Leading rating agency Standard & Poor's has cut India's growth forecast for 2012 by one percent to 5.5 percent, as the entire Asia-Pacific feels the pressure of ongoing economic uncertainty.
"Although Asia-Pacific has recorded strong GDP growth relative to other global economies, we have observed a continued change in the region's economic barometer," said S&P ratings in a statement.
Lack of monsoon rains has affected India, where agriculture still forms a substantial part of the economy, said S&P in its report titled 'Asia-Pacific feels the pressure of ongoing global economic uncertainty.'
Additionally, the more cautious investor sentiment globally has seen potential investors become more critical of India's policy and infrastructure shortcomings, the credit rating agency said.
S&P credit analyst Andrew Palmer said it had also lowered base case forecasts of 2012 real GDP growth by about half a percentage point for some countries, such as China to 7.5 percent, Japan to 2.0 percent, Korea to 2.5 percent, Singapore to 2.1 percent, and Taiwan to 1.9 percent.
It has also cut GDP forecast by around one percent for Hong Kong to 1.8 percent. For Australia, the forecast is marginally down to three percent from the 3.2 percent. However, the GDP forecast for Philippines has been increased to 4.9 percent from the 4.3 percent, reflecting the ongoing strength of that domestic economy.
"Credit conditions for rated portfolios in Asia-Pacific remain mixed. We have factored our base case GDP scenarios into our current ratings and issues in the region. At this stage, the short-term impact of the greater-than-anticipated slowdown on credit ratings is likely to be limited to the more leveraged entities," Palmer said.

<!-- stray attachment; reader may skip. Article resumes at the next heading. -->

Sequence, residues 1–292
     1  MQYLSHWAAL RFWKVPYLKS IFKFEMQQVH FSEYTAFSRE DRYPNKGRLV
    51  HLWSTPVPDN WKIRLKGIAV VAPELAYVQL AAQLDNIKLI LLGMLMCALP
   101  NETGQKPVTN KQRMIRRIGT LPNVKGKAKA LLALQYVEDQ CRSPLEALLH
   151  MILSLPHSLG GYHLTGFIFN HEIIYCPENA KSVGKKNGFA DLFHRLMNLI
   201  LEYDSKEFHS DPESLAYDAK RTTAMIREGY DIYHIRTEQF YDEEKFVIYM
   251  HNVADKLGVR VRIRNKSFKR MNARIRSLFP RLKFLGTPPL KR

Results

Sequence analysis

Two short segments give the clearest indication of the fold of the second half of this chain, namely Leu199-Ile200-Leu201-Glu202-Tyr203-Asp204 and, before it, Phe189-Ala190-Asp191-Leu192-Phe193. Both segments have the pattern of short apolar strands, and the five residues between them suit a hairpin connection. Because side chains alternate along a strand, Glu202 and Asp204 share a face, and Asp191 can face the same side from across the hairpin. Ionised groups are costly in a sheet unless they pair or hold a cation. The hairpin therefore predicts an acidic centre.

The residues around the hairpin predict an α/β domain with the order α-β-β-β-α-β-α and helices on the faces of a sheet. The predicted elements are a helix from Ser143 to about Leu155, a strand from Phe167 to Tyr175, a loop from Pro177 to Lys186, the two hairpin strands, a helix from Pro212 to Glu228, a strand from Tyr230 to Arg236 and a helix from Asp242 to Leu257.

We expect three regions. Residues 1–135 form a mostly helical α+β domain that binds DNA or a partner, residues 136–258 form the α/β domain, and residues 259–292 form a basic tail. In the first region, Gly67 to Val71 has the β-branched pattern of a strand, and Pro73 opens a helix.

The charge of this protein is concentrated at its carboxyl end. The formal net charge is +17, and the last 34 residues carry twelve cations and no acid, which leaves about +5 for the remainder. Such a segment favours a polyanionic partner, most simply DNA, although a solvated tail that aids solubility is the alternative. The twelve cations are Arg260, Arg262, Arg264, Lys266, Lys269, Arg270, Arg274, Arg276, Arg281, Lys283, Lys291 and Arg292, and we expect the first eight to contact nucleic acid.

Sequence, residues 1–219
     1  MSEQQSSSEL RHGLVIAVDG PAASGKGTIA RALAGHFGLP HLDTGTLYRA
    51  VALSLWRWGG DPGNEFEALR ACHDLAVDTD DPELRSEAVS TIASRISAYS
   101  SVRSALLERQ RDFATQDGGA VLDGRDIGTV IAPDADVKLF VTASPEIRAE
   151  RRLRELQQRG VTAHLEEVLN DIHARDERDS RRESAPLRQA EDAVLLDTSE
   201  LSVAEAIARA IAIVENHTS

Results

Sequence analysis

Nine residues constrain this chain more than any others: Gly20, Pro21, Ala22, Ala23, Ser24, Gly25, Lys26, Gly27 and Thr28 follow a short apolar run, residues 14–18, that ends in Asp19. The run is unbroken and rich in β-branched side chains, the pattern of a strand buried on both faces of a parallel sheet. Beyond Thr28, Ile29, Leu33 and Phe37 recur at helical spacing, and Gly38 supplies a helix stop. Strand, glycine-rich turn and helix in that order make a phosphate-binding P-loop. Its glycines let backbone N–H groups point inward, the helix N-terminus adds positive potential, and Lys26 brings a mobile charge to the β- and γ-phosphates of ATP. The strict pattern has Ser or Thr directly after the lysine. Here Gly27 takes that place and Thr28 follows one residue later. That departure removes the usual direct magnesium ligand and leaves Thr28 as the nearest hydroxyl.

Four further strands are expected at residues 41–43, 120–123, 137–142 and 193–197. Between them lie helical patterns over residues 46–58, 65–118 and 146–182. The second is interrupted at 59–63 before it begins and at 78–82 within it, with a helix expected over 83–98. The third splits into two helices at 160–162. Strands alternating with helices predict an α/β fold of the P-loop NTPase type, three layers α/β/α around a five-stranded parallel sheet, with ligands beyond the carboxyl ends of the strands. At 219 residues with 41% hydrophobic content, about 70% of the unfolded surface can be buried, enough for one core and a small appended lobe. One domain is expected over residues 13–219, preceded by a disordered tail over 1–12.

"Naturally, any worsening of the economic conditions in the Eurozone will increase the contagion risk for Asia-Pacific, given the region's particularly 'the open economies' — sensitivity to capital flows and trade," Palmer concluded.
Earlier this year, Standard & Poor's said that India could become the first of the BRIC economies to lose its investment-grade status.
"Slowing GDP growth and political roadblocks to economic policy making are just some of the factors pushing up the risk that India could lose its investment-grade rating," the ratings agency said in a Monday statement on a report dated June 8.
Addressing a gathering at an educational institution in Chennai on Monday, C. Rangarajan, Chairman of the Prime Minister's Economic Advisory Council and retired Governor of the Reserve Bank of India, said S&P's GDP assessment was incorrect, and that growth would pick up in the second half and would be 6.7 percent this year. The average rate of growth in the next six years will be 8.2 per cent, he added.
by RTT Staff Writer
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